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Mr. PALMER. Mr. Chairman, I yield myself such time as I may consume.
Mr. Chairman, I would like, first of all, to thank the gentleman from Florida (Mr. Crenshaw) for his work on this bill.
My amendment would prohibit funds from being used to implement the District of Columbia's Reproductive Health Non-Discrimination Amendment Act of 2014, or RHNDA.
The Declaration of Independence declares that: ``We hold these truths to be self-evident, that all men are created equal, that they are endowed by their Creator with certain unalienable Rights, that among these are Life, Liberty, and the pursuit of Happiness.''
These founding principles remain true today. The reason life was included by our Founders as the first principle is because without life there is no liberty; it is a prerequisite for liberty. Without life, there is no pursuit of happiness. In fact, it is self-evident, without life, there isn't even a discussion about any rights.
Liberty encompasses social and political freedoms, and the tenets associated with liberty were those used in drafting the First Amendment to the Constitution. With life and liberty, you can pursue happiness. Take away either and the pursuit becomes difficult or impossible.
My amendment protects all three, but I will focus my comments on liberty as it relates to the free exercise of religion clause in the First Amendment.
The First Amendment states in part that: ``Congress shall make no law respecting an establishment of religion, or prohibiting the free exercise thereof.'' Without my amendment, some employers in the District of Columbia would not only be prohibited from exercising their religion, but would be forced to embrace the beliefs of the 13 members of the D.C. Council.
The District of Columbia allows abortions until the moment of birth, but a number of employers in the District of Columbia believe in the sanctity of life and protecting it. In fact, many organizations in D.C.--such as March for Life, Americans United for Life, and the National Right to Life Committee--exist solely to protect life. The Constitution provides them the right to exercise those beliefs, just like it does those who oppose it.
That is why when the District of Columbia passed the Reproductive Health Non-Discrimination Amendment Act of 2014, former Mayor Vincent Gray expressed concerns about the law. In December 2014, Gray wrote a letter to the D.C. Council about RHNDA, describing it as ``legally problematic'' and saying: ``. . . the bill raises serious concerns under the Constitution and under the Religious Freedom Restoration Act of 1993. Religious organizations, religiously affiliated organizations, religiously driven for-profit entities, and political organizations may have strong First Amendment and RFRA grounds for challenging the law's applicability to them.''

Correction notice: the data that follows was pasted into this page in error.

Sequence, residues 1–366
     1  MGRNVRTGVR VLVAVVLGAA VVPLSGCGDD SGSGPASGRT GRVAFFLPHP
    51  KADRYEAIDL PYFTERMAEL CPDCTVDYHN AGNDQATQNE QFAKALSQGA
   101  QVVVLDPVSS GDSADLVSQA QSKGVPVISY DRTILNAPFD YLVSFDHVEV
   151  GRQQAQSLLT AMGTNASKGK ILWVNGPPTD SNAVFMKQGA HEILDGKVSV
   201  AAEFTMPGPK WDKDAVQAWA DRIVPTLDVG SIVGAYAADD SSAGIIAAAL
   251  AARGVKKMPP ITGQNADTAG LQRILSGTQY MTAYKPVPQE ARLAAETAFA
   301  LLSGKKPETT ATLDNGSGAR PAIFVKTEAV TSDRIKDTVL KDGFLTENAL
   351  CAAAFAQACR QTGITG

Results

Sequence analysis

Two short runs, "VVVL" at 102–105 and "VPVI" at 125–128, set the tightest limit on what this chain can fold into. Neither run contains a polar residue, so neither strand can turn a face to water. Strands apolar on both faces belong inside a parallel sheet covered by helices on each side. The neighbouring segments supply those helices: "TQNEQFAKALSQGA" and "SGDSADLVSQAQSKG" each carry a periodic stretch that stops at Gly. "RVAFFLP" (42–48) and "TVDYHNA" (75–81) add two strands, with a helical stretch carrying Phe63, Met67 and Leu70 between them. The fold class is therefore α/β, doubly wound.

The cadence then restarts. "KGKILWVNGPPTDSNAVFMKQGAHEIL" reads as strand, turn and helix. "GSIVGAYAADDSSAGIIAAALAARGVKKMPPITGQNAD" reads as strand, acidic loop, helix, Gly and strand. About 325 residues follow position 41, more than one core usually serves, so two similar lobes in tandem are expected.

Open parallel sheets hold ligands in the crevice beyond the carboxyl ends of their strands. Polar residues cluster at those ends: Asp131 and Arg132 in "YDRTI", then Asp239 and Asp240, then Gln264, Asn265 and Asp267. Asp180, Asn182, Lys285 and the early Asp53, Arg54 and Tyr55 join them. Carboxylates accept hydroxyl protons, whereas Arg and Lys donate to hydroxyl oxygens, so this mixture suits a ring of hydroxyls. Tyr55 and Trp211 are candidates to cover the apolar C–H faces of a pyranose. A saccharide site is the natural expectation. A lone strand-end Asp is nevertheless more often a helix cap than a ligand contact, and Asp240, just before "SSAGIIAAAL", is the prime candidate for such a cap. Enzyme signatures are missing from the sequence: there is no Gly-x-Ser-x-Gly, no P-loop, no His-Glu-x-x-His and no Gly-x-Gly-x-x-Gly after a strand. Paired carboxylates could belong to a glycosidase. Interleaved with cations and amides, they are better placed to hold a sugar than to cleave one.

Employers who oppose abortions and paying for them as part of a compensation package have every right to exercise their freedom not to do so, and those who want to receive abortions or have them paid for have every right to seek employment from someone willing to do so. That is how freedom works. It does not work with one group imposing its version of freedom on the other, which is what this District law currently provides for.
In its 2012 opinion in the case of Hosanna Tabor v. EEOC, the Supreme Court unanimously affirmed the right of religious organizations to hire employees that support the mission of the organization where their employees are responsible for carrying out its mission. The opinion says: ``The interest of society in the enforcement of employment discrimination statuses is undoubtedly important. But so too is the interest of religious groups in choosing who will preach their beliefs, teach their faith, and carry out their mission.''
Would you require PETA to hire someone that comes to an interview in a fur coat? Would you require Planned Parenthood to hire a nun or anyone adamantly opposed to abortion? Neither of these situations makes sense, nor does requiring a pro-life organization to hire someone who explicitly contradicts their moral conscience or religious beliefs. The Supreme Court agrees.
My amendment would restore religious freedom to employers inside the District of Columbia. Those who want to have abortions do not have to work for employers who oppose them. They have life and the liberty to pursue their own interests with another employer.
Mr. Chairman, I urge Members to vote ``yes'' on this amendment, and I reserve the balance of my time.
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Mr. PALMER. Mr. Chairman, obviously, Article I, section 8, clause 17 of the Constitution states that Congress shall have power ``to exercise exclusive Legislation in all Cases whatsoever, over such District.''
Moving aside the jurisdictional issue, I take exception to my colleague's point that it is acceptable to infringe on the religious liberties of certain people, those who actually believe in protecting life. If those who don't believe in protecting life want to find employment, let them find employment at like-minded organizations.
The D.C. government should not be able to compel pro-life organizations to hire pro-abortion employees. That is exactly what the Religious Freedom Restoration Act was in place to protect, as Mayor Gray pointed out in his letter to the D.C. Council. I can't say that I always agree with the Mayor, but his serious concerns were, and remain to be, completely valid.
I yield back the balance of my time.
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